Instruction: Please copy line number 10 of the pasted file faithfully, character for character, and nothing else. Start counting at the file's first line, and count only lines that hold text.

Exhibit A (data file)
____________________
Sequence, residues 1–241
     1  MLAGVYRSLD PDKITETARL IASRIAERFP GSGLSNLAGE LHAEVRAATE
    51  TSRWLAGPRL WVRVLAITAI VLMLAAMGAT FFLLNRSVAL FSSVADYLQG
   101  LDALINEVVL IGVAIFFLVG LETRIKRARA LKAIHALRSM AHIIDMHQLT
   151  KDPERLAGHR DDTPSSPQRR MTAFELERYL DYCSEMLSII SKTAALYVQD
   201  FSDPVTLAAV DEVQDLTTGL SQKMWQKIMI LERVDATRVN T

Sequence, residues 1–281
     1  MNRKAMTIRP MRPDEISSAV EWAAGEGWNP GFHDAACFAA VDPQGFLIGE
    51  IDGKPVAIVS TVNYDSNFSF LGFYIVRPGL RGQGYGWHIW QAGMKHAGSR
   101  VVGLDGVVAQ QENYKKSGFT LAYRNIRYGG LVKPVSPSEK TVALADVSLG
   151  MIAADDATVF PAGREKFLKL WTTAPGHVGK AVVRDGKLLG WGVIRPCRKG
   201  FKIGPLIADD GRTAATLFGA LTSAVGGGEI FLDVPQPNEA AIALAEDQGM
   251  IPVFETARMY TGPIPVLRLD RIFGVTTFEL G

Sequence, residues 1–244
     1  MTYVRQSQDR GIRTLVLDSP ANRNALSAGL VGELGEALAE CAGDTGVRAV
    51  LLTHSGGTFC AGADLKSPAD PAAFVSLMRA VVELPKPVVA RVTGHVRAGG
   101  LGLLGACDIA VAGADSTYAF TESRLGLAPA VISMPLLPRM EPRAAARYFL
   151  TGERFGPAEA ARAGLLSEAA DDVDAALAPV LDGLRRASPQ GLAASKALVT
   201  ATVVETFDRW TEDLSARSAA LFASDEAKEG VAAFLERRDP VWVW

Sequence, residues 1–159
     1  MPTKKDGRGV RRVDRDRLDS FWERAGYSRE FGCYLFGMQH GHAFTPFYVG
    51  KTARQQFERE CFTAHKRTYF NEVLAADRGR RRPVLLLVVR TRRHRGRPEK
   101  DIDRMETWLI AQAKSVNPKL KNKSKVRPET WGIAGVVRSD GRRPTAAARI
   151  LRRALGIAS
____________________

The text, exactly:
   101  VVGLDGVVAQ QENYKKSGFT LAYRNIRYGG LVKPVSPSEK TVALADVSLG